These costs shall be paid in full upon receipt by the insurance of the auto/truck/bus driver, with the balance paid by the driver or liens on their property; or, by the trucking/bus firm or its insurance.  If the truck/bus firm is involved in another such grade crossing accident within 12 consecutive months from the time of the initial encroachment upon the grade crossing, the U.S. DOT will penalize the trucking/bus firm with a significant step system of fines appropriate to the accident, and place its commercial license on probation. As well, DOT shall directly notify the carrier’s insurance to ensure the policy going forward is covered by a higher, punitive cost, with the possibility of being cancelled.  

In essence, there can no longer be any deference to such rogue drivers and the accidents and bodily harm caused due to exhaustion/fatigue or making time; violating mandatory and documented rest periods and maximum hours allowed to drive; or induced by marijuana, drugs or alcohol.

Data Tracking

U.S. DOT, in conjunction with  FRA, shall compile and maintain an updated complete computer database accessible to state licensing agencies of truck/bus firms and drivers, as well as insurance firms, to list by state indicating: 

  • Destruction of freight rail infrastructure/service involved; passenger service involved; location.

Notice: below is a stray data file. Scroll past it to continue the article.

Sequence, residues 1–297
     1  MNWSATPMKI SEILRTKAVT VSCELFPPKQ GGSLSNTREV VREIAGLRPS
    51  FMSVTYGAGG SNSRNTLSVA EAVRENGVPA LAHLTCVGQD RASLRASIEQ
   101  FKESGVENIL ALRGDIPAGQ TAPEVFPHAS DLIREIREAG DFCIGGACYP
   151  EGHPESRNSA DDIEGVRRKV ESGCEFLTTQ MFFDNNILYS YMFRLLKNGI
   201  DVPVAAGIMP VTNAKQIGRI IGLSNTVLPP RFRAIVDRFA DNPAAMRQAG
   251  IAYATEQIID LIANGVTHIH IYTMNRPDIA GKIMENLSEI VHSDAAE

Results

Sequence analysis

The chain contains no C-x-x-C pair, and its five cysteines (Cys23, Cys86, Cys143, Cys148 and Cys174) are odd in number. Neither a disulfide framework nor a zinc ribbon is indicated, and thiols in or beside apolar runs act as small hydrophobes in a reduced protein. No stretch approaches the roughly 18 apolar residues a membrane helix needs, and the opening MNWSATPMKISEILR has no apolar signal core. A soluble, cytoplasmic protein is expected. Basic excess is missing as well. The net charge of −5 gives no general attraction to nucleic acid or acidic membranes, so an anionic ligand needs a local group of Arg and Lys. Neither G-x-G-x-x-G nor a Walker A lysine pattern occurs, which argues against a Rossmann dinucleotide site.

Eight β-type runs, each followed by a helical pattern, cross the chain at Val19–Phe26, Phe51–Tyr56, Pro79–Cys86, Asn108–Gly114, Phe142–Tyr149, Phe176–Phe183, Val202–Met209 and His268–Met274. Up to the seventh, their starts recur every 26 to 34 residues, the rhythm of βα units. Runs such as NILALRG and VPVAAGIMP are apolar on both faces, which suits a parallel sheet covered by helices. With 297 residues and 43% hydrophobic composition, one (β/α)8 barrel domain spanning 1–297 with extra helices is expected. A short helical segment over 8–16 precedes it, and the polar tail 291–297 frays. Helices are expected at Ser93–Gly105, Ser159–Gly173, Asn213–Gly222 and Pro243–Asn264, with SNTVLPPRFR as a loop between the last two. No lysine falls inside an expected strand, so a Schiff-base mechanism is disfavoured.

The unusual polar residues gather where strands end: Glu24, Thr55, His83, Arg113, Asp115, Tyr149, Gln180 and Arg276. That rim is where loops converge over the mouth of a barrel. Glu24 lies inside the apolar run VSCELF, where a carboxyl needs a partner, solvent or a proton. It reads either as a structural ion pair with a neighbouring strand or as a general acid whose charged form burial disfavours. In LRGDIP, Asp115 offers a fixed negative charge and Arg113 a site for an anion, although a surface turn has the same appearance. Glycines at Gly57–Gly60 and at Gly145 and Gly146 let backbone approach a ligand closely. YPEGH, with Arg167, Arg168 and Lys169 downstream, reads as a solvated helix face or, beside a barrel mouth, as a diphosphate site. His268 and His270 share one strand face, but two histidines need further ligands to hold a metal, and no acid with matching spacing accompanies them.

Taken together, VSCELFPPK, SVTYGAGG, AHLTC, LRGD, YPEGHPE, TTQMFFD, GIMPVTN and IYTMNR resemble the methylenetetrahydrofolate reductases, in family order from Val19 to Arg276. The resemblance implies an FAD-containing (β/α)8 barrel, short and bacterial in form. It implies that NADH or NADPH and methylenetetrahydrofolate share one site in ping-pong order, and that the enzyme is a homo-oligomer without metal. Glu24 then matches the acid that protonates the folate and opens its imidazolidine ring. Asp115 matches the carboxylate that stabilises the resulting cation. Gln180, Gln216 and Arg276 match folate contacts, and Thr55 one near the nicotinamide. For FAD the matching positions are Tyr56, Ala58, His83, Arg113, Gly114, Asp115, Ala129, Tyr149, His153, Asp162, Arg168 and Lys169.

• Truck/bus firm, truck/bus driver or auto driver by name, home address, state and driver license number. 
  • Estimated property damage; cost of business interruption; number of injuries and health care costs.
  • List deaths by number on the train, auto/truck/bus.
  • Indicate if first such negligent act by driver and/or firm; or, reference prior such incidents and driver(s).

This request for immediate legislative action is in reaction to how the trucking/bus industry has refused to police its own members;, and how the trucking industry obviously enjoys the contribution of PACs to manipulate or defer public policy. There is an immediate need for U.S. DOT and FRA to follow through on implementing the intent of this legislation. We need to dis-incentivize the cavalier, circus atmosphere of truck/bus drivers playing chicken with trains. We need to stop the injuries and deaths inflicted upon railroad crews and passengers by placing the onus of guilt, and the accumulation of associated costs, where it belongs—on drivers and trucking/bus companies.

M. E. Singer is an observer and commentator on the passenger rail industry, identifying shortfalls and growth opportunities. He is currently Principal at Marketing Rail Ltd. in Chicago, a consultancy to achieve passenger rail customer experience and product branding. Singer has prior corporate experience in turnaround operations management, marketing, and mergers and acquisitions in the health care field.

Categories: C&S, Class I, Commuter/Regional, Freight, Intercity, M/W, Passenger, Regulatory, Safety, Short Lines & Regionals Tags: